Australian brand Aesop bears the same name as the famous Greek storyteller, and their skin-care products certainly emulate the art of storytelling with their formulas and marketing. The question is whether or not you can believe Aesop and their natural-themed skin-care stories, or if it’s mostly fable.
From Aesop’s stripped-down, utilitarian packaging, “earthy” product descriptions, and overall design aesthetic, it’s easy to see why those interested in natural-oriented products are attracted to the Aesop brand. How could skin-care products that seem to be so pure and natural be bad, right? We certainly understand the emotional pull natural products have on many people, but the truth is there are good and bad natural ingredients (snake venom and poison ivy are both natural ingredients, but you wouldn’t want them on your face), just as there are good and bad synthetic ingredients. Going natural without knowing the details of what you’re buying is a recipe for skin problems, not a guarantee of better products.
Refreshingly, compared to many natural-themed lines, Aesop doesn’t rely on scare tactics or outlandish claims. Therefore, you won’t read anything about “toxins” or about made-up claims that all chemicals are bad (because everything is composed of chemicals). Instead, Aesop prefers to rest on the quality of their formulas and oeuvre to do the real selling. Judging by the number of requests we’ve had to review this brand, their less sensationalized approach is working!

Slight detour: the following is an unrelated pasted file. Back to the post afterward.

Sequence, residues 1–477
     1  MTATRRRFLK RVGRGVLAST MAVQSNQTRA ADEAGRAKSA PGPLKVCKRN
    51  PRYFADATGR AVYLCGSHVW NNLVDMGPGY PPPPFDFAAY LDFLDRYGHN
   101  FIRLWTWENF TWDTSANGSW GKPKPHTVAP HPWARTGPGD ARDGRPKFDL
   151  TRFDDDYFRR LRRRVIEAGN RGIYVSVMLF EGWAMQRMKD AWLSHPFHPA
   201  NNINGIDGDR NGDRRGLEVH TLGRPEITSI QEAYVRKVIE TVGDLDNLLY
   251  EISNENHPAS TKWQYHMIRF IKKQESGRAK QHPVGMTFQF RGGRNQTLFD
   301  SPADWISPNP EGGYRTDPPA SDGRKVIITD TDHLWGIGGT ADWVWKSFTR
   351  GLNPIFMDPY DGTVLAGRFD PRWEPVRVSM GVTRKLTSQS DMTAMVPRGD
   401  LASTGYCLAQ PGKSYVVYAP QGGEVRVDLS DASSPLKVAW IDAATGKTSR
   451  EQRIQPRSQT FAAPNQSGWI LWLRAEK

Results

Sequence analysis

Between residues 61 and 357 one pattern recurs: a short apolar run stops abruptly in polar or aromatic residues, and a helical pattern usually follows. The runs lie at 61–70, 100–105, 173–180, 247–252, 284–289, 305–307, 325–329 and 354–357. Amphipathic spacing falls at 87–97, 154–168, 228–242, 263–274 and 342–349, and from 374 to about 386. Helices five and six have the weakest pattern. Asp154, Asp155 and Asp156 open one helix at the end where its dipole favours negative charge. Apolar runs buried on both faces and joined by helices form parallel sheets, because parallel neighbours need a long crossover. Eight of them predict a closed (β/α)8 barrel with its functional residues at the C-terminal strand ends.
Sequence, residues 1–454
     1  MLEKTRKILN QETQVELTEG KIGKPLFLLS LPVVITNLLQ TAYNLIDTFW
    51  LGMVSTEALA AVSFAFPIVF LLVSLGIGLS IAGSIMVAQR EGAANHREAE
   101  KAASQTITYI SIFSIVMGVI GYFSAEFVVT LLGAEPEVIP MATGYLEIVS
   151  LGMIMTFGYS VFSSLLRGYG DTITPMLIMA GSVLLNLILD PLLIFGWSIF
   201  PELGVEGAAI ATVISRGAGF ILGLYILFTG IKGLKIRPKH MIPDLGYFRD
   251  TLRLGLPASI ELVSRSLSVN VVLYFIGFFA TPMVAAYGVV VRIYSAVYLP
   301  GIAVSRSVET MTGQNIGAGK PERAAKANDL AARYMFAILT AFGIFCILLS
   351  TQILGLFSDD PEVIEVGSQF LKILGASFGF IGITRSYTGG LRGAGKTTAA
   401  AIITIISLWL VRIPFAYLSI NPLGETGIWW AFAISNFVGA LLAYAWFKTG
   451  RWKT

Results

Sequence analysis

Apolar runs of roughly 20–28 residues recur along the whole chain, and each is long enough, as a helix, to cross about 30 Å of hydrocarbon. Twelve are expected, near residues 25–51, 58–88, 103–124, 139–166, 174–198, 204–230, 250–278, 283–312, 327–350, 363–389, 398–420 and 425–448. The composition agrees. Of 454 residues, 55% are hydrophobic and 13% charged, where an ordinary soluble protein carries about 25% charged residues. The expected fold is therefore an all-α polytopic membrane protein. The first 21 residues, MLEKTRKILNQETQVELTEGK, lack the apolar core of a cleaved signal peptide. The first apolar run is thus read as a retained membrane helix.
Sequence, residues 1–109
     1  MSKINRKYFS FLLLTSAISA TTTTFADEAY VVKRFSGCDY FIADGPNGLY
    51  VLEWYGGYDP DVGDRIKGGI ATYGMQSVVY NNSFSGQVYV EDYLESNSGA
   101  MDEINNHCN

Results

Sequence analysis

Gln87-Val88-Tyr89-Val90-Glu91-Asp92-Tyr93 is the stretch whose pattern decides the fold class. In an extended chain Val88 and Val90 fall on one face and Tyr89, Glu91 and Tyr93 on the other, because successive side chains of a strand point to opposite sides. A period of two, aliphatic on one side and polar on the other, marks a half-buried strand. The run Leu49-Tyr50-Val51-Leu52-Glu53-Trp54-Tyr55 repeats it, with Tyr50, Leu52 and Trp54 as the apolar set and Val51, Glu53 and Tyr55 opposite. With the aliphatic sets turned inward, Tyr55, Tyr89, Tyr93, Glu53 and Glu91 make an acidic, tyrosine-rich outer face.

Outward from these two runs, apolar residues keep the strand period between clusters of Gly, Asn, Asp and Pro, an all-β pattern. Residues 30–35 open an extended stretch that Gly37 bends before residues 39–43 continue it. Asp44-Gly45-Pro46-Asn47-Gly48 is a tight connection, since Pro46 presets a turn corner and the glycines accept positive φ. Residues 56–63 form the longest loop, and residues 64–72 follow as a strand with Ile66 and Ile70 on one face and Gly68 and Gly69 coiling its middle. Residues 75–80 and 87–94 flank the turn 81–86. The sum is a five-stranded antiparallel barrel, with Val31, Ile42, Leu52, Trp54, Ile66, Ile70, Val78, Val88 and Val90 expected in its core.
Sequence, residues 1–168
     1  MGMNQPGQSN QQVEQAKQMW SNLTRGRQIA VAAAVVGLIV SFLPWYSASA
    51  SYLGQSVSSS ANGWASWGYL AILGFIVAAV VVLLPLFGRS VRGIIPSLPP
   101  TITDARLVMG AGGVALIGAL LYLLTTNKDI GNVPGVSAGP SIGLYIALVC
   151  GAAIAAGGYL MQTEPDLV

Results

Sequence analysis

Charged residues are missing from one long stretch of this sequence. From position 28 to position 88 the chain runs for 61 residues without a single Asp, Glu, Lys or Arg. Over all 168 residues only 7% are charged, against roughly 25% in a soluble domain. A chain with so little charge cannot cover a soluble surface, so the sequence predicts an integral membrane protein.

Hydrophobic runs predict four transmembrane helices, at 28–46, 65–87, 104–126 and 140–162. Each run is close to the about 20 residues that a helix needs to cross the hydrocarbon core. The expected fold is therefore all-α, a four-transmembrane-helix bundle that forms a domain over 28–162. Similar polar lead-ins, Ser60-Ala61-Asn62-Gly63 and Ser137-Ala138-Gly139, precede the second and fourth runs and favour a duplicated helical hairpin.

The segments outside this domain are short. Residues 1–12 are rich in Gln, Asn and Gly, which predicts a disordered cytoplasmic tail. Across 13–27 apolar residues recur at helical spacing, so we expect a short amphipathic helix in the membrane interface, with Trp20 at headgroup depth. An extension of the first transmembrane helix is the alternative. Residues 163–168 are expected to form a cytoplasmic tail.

With that promising start, it’s disappointing that Aesop chose to include such a generous amount of fragrance and plant-based irritants in many of their products. In fact, there wasn’t a single fragrance-free option in any of the products that we reviewed. (In fact, the box they were shipped in was saturated with fragrance just from the shipping process.) There were a few products with lower amounts of added fragrance—these instances are noted (where applicable)—but there usually were other compelling reasons to avoid any given product in this brand, or at least to consider it cautiously.
Also noteworthy: You will find that much of Aesop’s line, from their cleansers, toners, and moisturizers to their masks and eye treatments, have high-end price tags. While we tend to leave it up to the reader to determine what is or isn’t expensive, there were a few instances where the formulas were so basic that we had to mention the disconnect with the cost—these were truly simple blends of ingredients that in no way justified their cost.
All of the above is a prelude to the most critical downfall of the Aesop products: There are no options that can successfully (and without potential irritation) address the needs of various skin types or skin concerns of many people. Whether you’re struggling with acne, wrinkles, both, or numerous other concerns, from sensitive skin to conditions like rosacea or eczema, you won’t find brilliant products to treat them here. Overall, that means assembling a great skin-care routine with Aesop products just isn’t possible.
Aesop is sold primarily in department stores like Barney’s New York, online, as well as freestanding Aesop stores throughout the United States. Despite their growing distribution, we cannot stress enough how much this line’s products disappoint. Aesop has natural ingredients aplenty—but what good is that when so many of the natural ingredients they chose are of little to no benefit for skin, or are potentially problematic?
For more information about Aesop, visit http://www.aesop.com/usa/